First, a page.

Mudchute Park:   Mudchute Park and Farm is a large urban park and farm just south of Canary Wharf on the Isle of Dogs.
Mudchute Park and Farm:   
Newington Gardens:   
Phoenix Primary School:   Community school (Primary) which accepts students between the ages of 3 and 11.
Postman's Park:   One of the largest parks in the City of London, Postman's Park is a memorial to ordinary people who died saving the lives of others and might otherwise have been forgotten,
Prior Weston Primary School and Children’s Centre:   Community school (Primary) which accepts students between the ages of 3 and 11.
Saint Joseph’s Catholic Primary School, the Borough:   Voluntary aided school (Primary) which accepts students between the ages of 3 and 11. Admissions policy: Non-selective.
Smithfield, London:   Smithfield is a locality in the ward of Farringdon Without situated at the City of London’s northwest in central London, England.
Snowsfields Primary School:   Community school (Primary) which accepts students between the ages of 3 and 11.
Southwark:   Southwark is the area immediately south of London Bridge, opposite the City of London.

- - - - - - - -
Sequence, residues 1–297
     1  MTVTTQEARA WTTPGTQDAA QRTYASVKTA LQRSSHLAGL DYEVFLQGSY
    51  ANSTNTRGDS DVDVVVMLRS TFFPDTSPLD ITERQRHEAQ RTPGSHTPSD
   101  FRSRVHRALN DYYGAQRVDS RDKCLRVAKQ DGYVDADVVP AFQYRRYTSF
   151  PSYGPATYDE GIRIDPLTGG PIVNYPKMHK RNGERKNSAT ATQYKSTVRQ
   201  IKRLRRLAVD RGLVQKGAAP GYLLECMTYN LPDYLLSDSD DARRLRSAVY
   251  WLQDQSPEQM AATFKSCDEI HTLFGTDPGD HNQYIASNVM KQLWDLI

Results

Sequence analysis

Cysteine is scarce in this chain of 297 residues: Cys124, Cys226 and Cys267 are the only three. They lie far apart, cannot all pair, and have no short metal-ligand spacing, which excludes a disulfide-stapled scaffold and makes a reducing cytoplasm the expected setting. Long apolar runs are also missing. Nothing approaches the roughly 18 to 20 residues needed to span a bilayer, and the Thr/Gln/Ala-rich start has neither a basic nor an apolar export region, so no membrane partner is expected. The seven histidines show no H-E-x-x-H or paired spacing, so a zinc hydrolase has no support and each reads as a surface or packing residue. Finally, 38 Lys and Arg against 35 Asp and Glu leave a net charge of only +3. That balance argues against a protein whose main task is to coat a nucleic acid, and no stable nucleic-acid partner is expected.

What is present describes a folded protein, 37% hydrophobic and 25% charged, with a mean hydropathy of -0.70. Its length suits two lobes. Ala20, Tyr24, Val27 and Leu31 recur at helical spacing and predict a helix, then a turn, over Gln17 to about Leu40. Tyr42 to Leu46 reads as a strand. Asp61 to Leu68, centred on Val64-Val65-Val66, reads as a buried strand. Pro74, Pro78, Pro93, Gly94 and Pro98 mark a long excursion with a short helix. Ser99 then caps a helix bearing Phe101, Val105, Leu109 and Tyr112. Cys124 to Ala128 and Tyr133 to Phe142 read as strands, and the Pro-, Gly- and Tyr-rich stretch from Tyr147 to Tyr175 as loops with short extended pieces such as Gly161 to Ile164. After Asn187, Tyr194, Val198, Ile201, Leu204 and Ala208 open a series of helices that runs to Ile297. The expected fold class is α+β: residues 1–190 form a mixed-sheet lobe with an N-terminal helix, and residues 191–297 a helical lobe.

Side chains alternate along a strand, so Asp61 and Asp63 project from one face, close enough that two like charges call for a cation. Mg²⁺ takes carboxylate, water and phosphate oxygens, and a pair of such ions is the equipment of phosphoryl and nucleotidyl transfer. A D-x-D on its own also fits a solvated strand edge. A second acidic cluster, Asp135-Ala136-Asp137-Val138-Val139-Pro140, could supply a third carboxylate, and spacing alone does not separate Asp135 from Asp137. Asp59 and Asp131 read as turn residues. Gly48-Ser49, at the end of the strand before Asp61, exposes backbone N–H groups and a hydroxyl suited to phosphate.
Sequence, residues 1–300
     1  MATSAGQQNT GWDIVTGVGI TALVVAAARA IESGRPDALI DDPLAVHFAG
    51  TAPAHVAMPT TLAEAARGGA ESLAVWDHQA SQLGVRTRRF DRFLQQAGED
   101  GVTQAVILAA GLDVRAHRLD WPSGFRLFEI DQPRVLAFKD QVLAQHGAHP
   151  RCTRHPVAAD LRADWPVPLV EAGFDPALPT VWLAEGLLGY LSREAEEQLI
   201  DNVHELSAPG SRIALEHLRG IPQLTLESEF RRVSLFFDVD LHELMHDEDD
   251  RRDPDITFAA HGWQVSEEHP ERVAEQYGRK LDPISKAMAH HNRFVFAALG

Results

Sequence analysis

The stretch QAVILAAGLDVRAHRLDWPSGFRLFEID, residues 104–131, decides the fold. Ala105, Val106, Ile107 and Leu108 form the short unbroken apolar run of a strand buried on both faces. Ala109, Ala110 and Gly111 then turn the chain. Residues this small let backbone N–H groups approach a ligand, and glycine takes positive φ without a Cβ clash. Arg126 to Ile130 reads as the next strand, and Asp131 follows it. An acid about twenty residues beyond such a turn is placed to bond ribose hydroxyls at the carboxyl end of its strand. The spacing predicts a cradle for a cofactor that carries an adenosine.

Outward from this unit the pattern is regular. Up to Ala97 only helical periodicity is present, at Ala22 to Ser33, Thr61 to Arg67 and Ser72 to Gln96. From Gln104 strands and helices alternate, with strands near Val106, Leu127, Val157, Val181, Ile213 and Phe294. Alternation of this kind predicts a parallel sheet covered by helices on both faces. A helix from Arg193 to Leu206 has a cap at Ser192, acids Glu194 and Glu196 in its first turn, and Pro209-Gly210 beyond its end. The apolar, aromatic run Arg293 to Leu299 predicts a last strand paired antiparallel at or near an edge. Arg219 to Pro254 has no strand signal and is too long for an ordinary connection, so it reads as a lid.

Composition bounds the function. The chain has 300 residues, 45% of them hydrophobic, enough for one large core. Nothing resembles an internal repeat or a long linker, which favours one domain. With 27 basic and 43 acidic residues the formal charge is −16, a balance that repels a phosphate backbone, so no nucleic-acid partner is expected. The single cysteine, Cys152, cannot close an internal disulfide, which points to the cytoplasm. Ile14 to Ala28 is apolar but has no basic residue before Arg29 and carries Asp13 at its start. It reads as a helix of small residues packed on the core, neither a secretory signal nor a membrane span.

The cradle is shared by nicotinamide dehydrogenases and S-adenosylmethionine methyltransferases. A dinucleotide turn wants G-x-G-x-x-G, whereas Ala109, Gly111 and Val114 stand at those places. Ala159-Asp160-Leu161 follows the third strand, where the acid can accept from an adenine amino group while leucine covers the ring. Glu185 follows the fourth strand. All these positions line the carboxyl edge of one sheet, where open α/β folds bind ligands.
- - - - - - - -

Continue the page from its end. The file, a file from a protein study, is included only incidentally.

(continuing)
Spa School:   Community special school which accepts students between the ages of 11 and 19.
St Bartholomew’s Hospital:   St Bartholomew’s Hospital, also known simply as Barts and later more formally as The Royal Hospital of St Bartholomew, is a hospital located at Smithfield in the City of London and founded in 1123.
St James Garlickhythe:   James Garlickhythe is a Church of England parish church in Vintry ward of the City of London, nicknamed "˜Wren’s lantern" owing to its profusion of windows.
St John the Evangelist Friday Street:   St John the Evangelist Friday Street was a church in Bread Street Ward of the City of London.
St Jude’s Church of England Primary School:   Voluntary aided school (Primary) which accepts students between the ages of 5 and 11.
St Mary Aldermary:   The Guild Church of St Mary Aldermary is an Anglican church located in Watling Street at the junction with Bow Lane, in the City of London.
St Mary Magdalen Old Fish Street:   Mary Magdalen Old Fish Street was a church in Castle Baynard ward of the City of London, located on the corner of Old Fish Street and Old Change, on land now covered by post-War development.
St Mary Mounthaw:   St Mary Mounthaw or Mounthaut was a parish church in Old Fish Street Hill.